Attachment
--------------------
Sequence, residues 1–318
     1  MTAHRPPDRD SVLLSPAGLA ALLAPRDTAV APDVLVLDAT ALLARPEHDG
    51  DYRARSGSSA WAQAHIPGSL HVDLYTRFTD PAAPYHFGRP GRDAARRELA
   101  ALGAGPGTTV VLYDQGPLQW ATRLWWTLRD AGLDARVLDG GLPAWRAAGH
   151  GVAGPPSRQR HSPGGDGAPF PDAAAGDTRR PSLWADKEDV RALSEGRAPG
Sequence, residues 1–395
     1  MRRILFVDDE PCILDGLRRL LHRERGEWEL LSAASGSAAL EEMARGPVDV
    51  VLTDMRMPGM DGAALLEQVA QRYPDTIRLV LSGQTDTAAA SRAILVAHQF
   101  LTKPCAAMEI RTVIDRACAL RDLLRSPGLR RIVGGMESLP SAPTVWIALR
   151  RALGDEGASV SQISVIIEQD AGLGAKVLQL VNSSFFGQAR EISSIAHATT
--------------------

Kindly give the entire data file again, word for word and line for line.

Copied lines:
Sequence, residues 1–318
     1  MTAHRPPDRD SVLLSPAGLA ALLAPRDTAV APDVLVLDAT ALLARPEHDG
    51  DYRARSGSSA WAQAHIPGSL HVDLYTRFTD PAAPYHFGRP GRDAARRELA
   101  ALGAGPGTTV VLYDQGPLQW ATRLWWTLRD AGLDARVLDG GLPAWRAAGH
   151  GVAGPPSRQR HSPGGDGAPF PDAAAGDTRR PSLWADKEDV RALSEGRAPG
Sequence, residues 1–395
     1  MRRILFVDDE PCILDGLRRL LHRERGEWEL LSAASGSAAL EEMARGPVDV
    51  VLTDMRMPGM DGAALLEQVA QRYPDTIRLV LSGQTDTAAA SRAILVAHQF
   101  LTKPCAAMEI RTVIDRACAL RDLLRSPGLR RIVGGMESLP SAPTVWIALR
   151  RALGDEGASV SQISVIIEQD AGLGAKVLQL VNSSFFGQAR EISSIAHATT